The Indian government has slashed the import tariff value of gold from $573 per 10 grams to $530. Though the decision was not taken due to the pressure from the Indian bullion industry, which has been protesting the duty hike, marketmen said it would provide a breather to the troubled industry. In the case of silver imports though, the tariff value remains unchanged at $1,036 per kilo.

The import tariff value, which is released fortnightly, is the base price on which the customs duty is determined and is used by the finance authorities to prevent under invoicing and to check the import of precious metals. 

In addition to this, and to get wary consumers to come back to the bullion market, the tax authorities in India have announced that a refund can be claimed on the 1% tax to be levied on cash transactions for buying gold or jewellery worth more than $3900 (Rs 2,00,000). The tax was a major blow especially in the big cities where retail customers dole out cash for gold bars or jewellery. 


Jewellers have been arguing that the incessant increase in duties adds to the overall cost of bringing gold ashore. 

On July 3, 2009, taxes and duties as a percentage of the gold price in India was 1.9%. Three days later, this was hiked to 2.7%, with a hike in custom duty. Similarly, on February 25, 2010, taxes and duties was 2.5%, but the very next day due to a hike in custom duty, taxes and duties as a percentage of the gold price in India jumped to 3.1%.

On January 16, 2012, the change in custom duty brought this down to 2.4%, while on January 17, 2012, with a 2% custom duty charge, taxes and duties as a percentage of the gold price shot up to 3.3%. Again on March 15, 2012, taxes and duties as a percentage of the gold price was 3.3% and the very next day, with a doubling of custom duty, taxes and duties as a percentage of the gold price in India shot up to 5.3%.

Jewellers have opposed the many hikes saying that if one adds this to a combination of higher raw materials costs, it would cost them an additional $292,279 (Rs 15 million). Though many refrained from commenting on the longer term implications for gold demand, they said it would certainly curtail demand in the near term.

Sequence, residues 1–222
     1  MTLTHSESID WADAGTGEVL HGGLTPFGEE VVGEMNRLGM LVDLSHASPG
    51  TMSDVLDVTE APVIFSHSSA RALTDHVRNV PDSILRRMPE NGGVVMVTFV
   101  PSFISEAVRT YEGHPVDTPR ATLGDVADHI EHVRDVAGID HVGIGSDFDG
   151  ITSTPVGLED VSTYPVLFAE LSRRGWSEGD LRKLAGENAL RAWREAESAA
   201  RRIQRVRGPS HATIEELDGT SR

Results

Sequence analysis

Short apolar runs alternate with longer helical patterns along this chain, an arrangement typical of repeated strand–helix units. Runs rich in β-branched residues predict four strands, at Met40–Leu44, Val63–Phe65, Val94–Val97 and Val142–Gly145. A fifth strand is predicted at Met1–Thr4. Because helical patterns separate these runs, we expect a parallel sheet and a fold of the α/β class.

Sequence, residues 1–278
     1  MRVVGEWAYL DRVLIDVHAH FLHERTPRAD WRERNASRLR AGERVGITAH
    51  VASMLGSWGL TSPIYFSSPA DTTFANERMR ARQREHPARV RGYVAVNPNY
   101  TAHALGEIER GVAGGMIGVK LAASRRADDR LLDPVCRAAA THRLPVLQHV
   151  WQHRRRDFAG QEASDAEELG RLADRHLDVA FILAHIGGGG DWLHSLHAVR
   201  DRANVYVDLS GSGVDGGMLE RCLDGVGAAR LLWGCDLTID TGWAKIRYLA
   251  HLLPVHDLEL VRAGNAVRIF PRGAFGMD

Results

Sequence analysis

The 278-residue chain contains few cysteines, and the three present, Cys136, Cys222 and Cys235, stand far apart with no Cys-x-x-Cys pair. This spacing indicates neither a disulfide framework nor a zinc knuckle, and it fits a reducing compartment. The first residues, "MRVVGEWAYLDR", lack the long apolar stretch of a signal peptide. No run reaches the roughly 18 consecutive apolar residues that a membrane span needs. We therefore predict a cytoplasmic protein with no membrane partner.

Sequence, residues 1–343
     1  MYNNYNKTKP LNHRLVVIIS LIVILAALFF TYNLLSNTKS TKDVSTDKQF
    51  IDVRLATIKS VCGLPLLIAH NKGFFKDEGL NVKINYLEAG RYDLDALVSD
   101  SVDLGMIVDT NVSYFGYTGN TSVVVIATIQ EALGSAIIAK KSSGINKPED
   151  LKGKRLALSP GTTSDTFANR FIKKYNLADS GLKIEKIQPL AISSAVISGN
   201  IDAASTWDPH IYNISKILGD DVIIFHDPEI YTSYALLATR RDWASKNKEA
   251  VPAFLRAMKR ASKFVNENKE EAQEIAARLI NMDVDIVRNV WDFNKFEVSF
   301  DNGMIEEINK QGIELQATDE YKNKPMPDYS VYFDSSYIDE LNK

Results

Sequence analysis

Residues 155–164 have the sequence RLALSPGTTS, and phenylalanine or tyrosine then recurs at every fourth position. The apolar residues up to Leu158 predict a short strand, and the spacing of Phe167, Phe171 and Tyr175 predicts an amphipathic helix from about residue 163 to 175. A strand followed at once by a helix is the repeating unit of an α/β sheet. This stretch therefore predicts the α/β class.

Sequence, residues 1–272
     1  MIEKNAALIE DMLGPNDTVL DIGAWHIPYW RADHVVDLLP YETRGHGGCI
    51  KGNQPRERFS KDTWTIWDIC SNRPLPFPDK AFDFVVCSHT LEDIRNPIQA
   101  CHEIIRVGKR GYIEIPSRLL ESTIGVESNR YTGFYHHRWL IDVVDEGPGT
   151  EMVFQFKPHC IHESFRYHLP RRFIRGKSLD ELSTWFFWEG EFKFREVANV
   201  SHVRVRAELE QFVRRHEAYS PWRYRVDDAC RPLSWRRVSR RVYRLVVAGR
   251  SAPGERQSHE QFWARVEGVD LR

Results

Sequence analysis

They pointed out that demand from India has already slipped due to the prevailing high price of the yellow metal and that any demand compression was further set to weaken global prices.

“Duty increases in gold have been on a spree since July 2009 when the reform process for gold markets was reversed. This time round, it totals to a whopping increase of more than 10 times,” said Chirag Mehta, fund manager at Quantum Mutual Fund.

In a note to his clients, Mehta said the hike in import duty would have an adverse effect on the development of the gold market in India, but has added that whether these steps would have much impact on the buying behavior of the Indian consumer beyond the short term was indeed doubtful.

There are many reasons why Indians have stayed loyal to their gold consumption habit, said Mehta, but this time round it might just be too taxing. “The price sensitive Indian consumer may refrain from buying in the short term since there is a sentiment impact of a sudden increase in price. Add to that the prevailing high price for gold and most consumers would forgo at this time,” he added.

For the past few months, the Indian government has been imposing higher duties on the precious metal. In the recent Union Budget, it had doubled the customs duty on gold leading to an outcry from the industry.

The recent move to reduce tariff value has been termed an infinitesimal gesture. “Over the weekend, the Indian government has reduced the import tariff value of gold by 7.50%. Though the announcement was made through a notification from the Ministry of Finance, the small reduction will not counter the impact of increased customs duty. We are planning to increase our prices by 5% to 7% next month,” said Sonamull Shah, bullion retailer.


Over the last few days, traders said gold had started losing its lustre in the international market too. “There is a very strong belief that Indian imports of the precious metal will reduce following the budgetary proposals. Moreover, a recovery in the growth prospects of the United States has also led to greater preference for equity and a clear movement away from gold,” said an investment banker.

Though gold has remained range bound over the last few weeks and exhibited less volatility, analysts said the tax refund option could galvanise some interest. Tax authorities have been insisting that the purchase of gold and jewellery is the second largest parking space for black money in India and the budgetary proposal has decided to tax cash dealings related to the purchase of gold.

Officials have noted that if the purchases are made via a cheque, there would be no tax levied. An official of the Central Board of Direct Taxes noted that if a customer purchases gold by paying out cash and if the money is shown in the filing of tax returns, then a refund could be claimed on the 1% tax deducted. 

Though earlier this year, the Indian government had changed the duty structure on gold and silver from specific to value linked, making precious metals more expensive, India, the world’s biggest consumer of gold, could well cede its position to China in the next quarter, said traders. Imports are expected to fall over 35% this year from a record 969 tonnes in 2011, they added.

iPad Version – A saleswoman displays a gold necklace at a jewellery showroom in Kolkata: REUTERS/Rupak De Chowdhuri